Yesterday, Senate Republicans released an updated version of their Better Care Reconciliation Act to repeal and replace the Affordable Care Act (ACA). The revised measure includes a proposal by Sen. Ted Cruz (R-TX) that would allow insurers to sell plans with minimal coverage, as long as they also sell policies that meet the essential health benefit requirements set by the ACA. While this addition seems likely to attract conservative support, moderate Republicans argue that it would make policies too expensive for people with serious illnesses because healthy people would purchase the cheaper plans.
The revised bill retains plans to phase out the Medicaid expansion under the ACA, as well as to limit the program’s future growth. Since its inception in 1965, Medicaid has provided open-ended federal funds to help states pay the program’s costs.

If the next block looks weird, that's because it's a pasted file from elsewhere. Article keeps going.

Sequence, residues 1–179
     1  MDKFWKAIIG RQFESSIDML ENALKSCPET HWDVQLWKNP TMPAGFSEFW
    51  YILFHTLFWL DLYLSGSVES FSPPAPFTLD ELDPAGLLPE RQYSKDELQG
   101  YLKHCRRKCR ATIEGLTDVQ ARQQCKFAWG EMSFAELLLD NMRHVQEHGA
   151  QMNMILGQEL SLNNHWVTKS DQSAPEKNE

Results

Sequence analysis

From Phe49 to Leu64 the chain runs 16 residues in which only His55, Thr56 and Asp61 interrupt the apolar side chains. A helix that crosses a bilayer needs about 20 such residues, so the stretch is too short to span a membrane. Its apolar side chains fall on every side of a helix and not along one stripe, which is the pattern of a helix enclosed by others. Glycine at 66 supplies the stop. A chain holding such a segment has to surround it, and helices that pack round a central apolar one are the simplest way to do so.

The measure would add $70 billion to the $112 billion stability fund that would be used to reimburse insurance companies that end up taking big losses. It also has an added $45 billion for states to combat abuse of opioids and other drugs. The initial bill included just $2 billion, but Republicans from states hit hardest by the opioid crisis insisted that the amount be increased.
To help pay for the added spending, the revised BCRA would retain the ACA taxes on certain high-income earners in order to cover healthcare costs of low-income people.
The Congressional Budget Office (CBO) is expected to release its cost analysis of the new version as soon as July 17, and despite the fact that he may not have enough support from his own party to pass the measure, Senate Majority Leader Mitch McConnell (R-KY) wants to hold a floor vote on the bill next week. He laid out the timing of a health overhaul vote after canceling the first two weeks of the August Congressional recess. We will keep you updated.